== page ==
# Is Willis wrong at WUWT? or Sensitivity and Sensibility II

Willis Eschenbach at Wattsupwiththat believes that since temperatures in a hemisphere change ~5 oC from summer-winter for a change in sunlight equivalent to ~40 CO2 doublings, that CO2 causes almost no global warming because thunderstorms must cancel it out.

The last article showed some physics suggesting that this lacks some sensibility and we should look for heat being stored or moving around the planet. If lots of heat is being stored then Earth isn't near equilibrium and if lots of heat is moving around then by looking at sunlight alone you will underestimate climate sensitivity.

Heat storage

Oort and Vonder Haar found that a hemisphere stores heat in summer and releases it in winter. Figure 1 shows, slightly confusingly, this heat storage.

Figure 1 -  Atmosphere and ocean heat storage. The x-axis counts months and the y-axis latitudes. The lines are contours of constant heat flow. At around 40 degrees latitude we see ‘islands’ highlighted with dots showing that in January the oceans release about 100 W m-2 of heat, and in June they absorb about 100 W m-2.

They assert that in summer (JJA), the Northern Hemisphere stores about 85 W m-2 more than in winter (DJF) – and that the change in sunlight is just over 110 W m-2.

Heat transfer

Whilst Willis assumes that the only change in heat flow into a latitude is from the Sun, a chunk of energy is transported to and from other latitudes so the actual heating is smaller. Boning and Herrmann used Carissimo et al’s data on the oceans to show that in winter, there is a net heat flow of over 3 PW into the Northern Hemisphere, and in summer there is a net flow of over 4 PW out.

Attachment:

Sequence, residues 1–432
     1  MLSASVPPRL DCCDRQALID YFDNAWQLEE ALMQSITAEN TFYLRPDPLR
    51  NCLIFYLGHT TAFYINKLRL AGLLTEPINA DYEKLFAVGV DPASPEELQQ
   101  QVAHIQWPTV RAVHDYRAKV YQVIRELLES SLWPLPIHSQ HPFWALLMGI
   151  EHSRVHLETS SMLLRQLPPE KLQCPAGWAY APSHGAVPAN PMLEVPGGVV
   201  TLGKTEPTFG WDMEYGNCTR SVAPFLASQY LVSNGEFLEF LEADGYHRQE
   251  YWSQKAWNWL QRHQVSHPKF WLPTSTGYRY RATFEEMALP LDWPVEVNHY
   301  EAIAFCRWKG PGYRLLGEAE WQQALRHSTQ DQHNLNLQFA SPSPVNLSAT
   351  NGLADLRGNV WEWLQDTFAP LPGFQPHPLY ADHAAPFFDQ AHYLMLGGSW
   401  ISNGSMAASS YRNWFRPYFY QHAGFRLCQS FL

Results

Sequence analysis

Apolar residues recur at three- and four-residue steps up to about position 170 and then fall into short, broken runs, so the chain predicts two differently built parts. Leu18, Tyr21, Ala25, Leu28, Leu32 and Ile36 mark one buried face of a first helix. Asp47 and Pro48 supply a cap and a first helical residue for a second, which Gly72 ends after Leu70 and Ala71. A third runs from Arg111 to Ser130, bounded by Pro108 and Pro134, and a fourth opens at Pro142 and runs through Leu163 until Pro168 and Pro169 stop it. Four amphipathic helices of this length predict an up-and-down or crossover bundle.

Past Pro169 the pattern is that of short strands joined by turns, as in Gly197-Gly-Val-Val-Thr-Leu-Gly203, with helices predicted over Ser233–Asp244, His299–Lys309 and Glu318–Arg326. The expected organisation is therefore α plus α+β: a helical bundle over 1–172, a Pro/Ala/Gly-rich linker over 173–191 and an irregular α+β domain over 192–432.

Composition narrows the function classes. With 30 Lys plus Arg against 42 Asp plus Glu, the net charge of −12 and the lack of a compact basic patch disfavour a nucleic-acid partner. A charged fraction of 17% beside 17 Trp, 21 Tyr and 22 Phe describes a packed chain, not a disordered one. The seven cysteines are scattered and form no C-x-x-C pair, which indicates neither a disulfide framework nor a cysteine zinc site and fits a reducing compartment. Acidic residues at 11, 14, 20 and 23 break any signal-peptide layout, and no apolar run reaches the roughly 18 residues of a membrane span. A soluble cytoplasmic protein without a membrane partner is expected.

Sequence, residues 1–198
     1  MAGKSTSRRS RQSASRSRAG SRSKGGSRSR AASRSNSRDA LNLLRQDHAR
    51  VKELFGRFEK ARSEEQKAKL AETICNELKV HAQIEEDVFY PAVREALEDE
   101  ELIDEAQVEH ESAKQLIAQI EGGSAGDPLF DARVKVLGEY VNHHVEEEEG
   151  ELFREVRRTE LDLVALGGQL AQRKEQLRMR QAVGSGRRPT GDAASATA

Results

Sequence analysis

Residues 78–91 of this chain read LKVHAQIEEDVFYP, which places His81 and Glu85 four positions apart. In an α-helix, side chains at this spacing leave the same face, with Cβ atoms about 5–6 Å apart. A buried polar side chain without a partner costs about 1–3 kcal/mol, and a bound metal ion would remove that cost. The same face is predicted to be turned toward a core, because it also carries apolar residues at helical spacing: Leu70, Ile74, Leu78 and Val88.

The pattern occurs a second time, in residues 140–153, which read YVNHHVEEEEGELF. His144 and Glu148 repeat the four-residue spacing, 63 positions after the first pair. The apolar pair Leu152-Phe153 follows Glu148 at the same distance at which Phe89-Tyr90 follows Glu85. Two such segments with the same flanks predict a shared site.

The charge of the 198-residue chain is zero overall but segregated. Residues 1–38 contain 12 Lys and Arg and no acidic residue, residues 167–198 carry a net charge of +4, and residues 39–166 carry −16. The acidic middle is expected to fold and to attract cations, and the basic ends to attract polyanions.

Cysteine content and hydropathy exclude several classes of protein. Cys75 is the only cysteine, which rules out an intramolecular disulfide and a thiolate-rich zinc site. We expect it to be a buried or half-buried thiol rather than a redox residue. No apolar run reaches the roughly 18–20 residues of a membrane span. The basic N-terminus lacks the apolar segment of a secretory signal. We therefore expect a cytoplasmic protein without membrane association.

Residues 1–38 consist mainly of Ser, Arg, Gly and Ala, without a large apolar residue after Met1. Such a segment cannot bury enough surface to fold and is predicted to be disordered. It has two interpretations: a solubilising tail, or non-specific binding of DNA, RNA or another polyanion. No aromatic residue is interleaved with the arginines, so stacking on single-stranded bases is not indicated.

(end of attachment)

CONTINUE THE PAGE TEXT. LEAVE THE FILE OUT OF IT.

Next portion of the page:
Figure 2 –Heat flow across different latitudes in northern winter (solid line) and summer (dashed line). Positive means that heat is going north and negative  means it’s going south.

Added together, this is a change of ~15 W m-2 over the hemisphere. Trenberth & Caron later used satellites to find that the atmosphere accounts for most of the heat transport and came up with a slightly different estimate.

These figures are rough but we see that scientists have measured where most of the extra summertime heat is going and it’s not being reflected by Willis’ thunderstorms. Just how wrong is he?

Climate sensitivity from seasonal cycles

Knutti et al used the seasons to estimate climate sensitivity but they avoided some of these problems by using climate models with a range of different feedbacks and then seeing what they predicted for summer-winter changes. They found that the best match with reality was given by models that give 3-3.5 oC for a CO2 doubling.

Independent lines of evidence support a 2-4.5 oC range so it seems pretty likely that WUWT is at least 40 times out – sorry Willis, there’s some physics here, it’s not just a cruel joke.

Posted by MarkR on Thursday, 8 July, 2010